Blondie and Devo at the Greek: Concert Review
(Wednesday, Sept. 12)
The veteran bands play new songs alongside numerous golden oldies during a late-summer double bill in the great outdoors of the Greek.
On a night when the biggest story in pop music was two of this generation’s fading pop stars facing off against each other as judges on rival singing competitions, two of the previous generation’s most influential acts shared the stage at L.A.’s Greek Theatre. Their singers probably wouldn’t make it past the audition stage on one those TV shows, but Wednesday night they showed there’s still plenty of reason to pay attention -- more 30 years after scoring their biggest hits.
It’s not an overstatement to say that Blondie, fronted by Deborah Harry, paved the way for everyone from Lady Gaga and Katy Perry to No Doubt and indie popsters Best Coast with the band’s initial blast of pop-punk and later forays into disco, rap and reggae. Likewise, the influence of Devo’s electronic pop can be heard in today’s burgeoning EDM scene.
While the very thought of these new wave pioneers turning into heritage acts goes against everything they once stood for, both have aged fairly well and are making new music, though it’s largely been lost in the shuffle. Their biggest impact in the past few decades has been in films and TV; Devo principals have had successful careers as composers, while Blondie songs have appeared on soundtracks. To that end, today’s pop fans might best know Blondie from a cover version in 1998’s The Rugrats Movie, a film and TV series scored by Devo’s Mark Mothersbaugh -- who’s also featured on the kids show Yo Gabba Gabba.
During the L.A. stop on their Whip It to Shreds co-headlining tour, both bands delivered the hits and better-known album tracks along with their newer material with varying degrees of success. Devo frontloaded its set with newer tracks including opener “Don’t Shoot (I’m a Man),” whose closing refrain of “Don’t taze me, bro” shows the band is still in touch with the zeitgeist, and “What We Do,” which seemingly mocks the band’s -- and our -- lack of progress.
The group -- which still has brothers Mark and Bob Mothersbaugh and Gerald and Bob Casale at its core -- picked up steam as its set progressed and de-evolved into its oldest material, with the members sporting their trademark yellow jumpsuits and trading in their synthesizers for guitars.
It’s worth noting that in 1979, the band titled its second album Duty Now for the Future. Yesterday’s future has passed, and Devo still sounds incredibly modern, especially on its future-funk renditions of such well-worn rock classics as The Rolling Stones’ “(I Can’t Get No) Satisfaction” and Johnny Rivers’ “Secret Agent Man.”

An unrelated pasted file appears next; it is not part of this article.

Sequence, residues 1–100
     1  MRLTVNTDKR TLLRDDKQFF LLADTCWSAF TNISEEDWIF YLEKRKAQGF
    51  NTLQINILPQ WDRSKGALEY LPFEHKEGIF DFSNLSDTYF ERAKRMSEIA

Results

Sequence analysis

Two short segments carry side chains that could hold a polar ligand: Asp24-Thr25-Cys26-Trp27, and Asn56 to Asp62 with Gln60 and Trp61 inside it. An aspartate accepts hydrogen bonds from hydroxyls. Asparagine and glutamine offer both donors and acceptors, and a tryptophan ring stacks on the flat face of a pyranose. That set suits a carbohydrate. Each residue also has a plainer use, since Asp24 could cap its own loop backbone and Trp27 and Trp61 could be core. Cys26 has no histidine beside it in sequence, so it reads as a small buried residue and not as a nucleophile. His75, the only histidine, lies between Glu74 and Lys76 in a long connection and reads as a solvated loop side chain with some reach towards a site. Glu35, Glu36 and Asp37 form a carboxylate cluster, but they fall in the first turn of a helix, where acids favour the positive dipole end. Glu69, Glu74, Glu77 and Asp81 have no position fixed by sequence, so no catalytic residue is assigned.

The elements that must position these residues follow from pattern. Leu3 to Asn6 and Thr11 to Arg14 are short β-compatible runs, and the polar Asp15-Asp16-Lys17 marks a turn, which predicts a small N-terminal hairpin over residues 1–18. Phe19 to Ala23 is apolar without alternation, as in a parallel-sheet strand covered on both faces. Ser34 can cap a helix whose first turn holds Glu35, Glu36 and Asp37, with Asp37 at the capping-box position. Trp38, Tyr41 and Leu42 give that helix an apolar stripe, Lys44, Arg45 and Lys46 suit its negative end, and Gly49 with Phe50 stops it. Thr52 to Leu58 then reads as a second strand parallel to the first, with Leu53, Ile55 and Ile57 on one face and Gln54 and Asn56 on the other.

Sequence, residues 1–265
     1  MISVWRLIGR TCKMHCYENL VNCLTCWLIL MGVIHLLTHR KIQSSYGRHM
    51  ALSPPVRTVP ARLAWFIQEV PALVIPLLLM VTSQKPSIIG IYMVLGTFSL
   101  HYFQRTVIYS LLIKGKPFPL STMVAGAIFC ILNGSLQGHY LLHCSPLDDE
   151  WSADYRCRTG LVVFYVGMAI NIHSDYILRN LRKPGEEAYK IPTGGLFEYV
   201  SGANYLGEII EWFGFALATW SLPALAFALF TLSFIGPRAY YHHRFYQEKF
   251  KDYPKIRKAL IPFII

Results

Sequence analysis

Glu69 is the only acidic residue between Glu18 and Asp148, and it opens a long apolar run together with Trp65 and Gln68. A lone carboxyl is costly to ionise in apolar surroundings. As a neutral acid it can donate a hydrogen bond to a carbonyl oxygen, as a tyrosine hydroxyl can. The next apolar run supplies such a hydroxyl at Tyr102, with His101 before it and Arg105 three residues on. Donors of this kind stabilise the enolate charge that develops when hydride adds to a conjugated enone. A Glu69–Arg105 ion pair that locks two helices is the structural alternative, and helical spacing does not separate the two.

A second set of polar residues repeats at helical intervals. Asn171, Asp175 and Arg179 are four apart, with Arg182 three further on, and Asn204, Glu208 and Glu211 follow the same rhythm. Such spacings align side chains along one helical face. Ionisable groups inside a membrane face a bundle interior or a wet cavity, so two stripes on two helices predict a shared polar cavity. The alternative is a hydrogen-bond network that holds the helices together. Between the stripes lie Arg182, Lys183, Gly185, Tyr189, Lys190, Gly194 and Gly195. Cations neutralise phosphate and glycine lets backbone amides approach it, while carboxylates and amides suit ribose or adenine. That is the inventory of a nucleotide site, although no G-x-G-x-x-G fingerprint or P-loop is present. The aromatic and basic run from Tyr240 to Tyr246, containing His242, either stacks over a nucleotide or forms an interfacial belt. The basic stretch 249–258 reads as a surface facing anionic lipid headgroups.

Always big on visuals, the band continues to employ several uniform changes throughout the set as well as a hilarious mashup of video images that included bikini girls, weird pets and food -- and looked like the equivalent of browsing through Facebook out of your mind on acid and speed. The visual of a French fry penetrating a donut was especially striking.
Set-closer “Freedom of Choice” couldn’t have been more timely a few months from the presidential election, though the band’s latest single, “Don’t Roof Rack Me, Bro (Seamus Unleashed),” dedicated to Mitt Romney’s dog, sadly was missing from the set.
Blondie boldly played even more new material during its closing set, offering five songs from its 2011 album Panic of Girls including “Love Doesn’t Frighten Me” and the Latin-tinged “Wipe Off My Sweat.” Former Playboy Bunny Harry, 67, remains spunky and strong in voice, but the unfamiliar material mixed in with classics “Hanging on the Telephone” and “Call Me” hurt the pacing early in the set. But the band -- anchored by original guitarist Chris Stein and drummer Clem Burke -- finished strong with a few surprise covers. Blondie tacked some of fellow New Yorker group Beastie Boys’ “No Sleep Till Brooklyn” onto its own groundbreaking “Rapture” and delivered a rendition of Frankie Goes to Hollywood’s “Relax” (Debbie goes to Hollywood-adjacent?) to its show-closing disco classic “Heart of Glass,” while a giant mirror-ball skull rotated on the video screen.
Don’t Shoot (I’m a Man)
What We Do
Girl U Want
(I Can’t Get No) Satisfaction
Secret Agent Man
Smart Patrol/Mr. DNA
Gates of Steel
Freedom of Choice
Hanging on the Telephone
Love Doesn’t Frighten Me
What I Heard
Wipe Off My Sweat
Rapture/No Sleep Till Brooklyn
One Way Or Another
Heart of Glass
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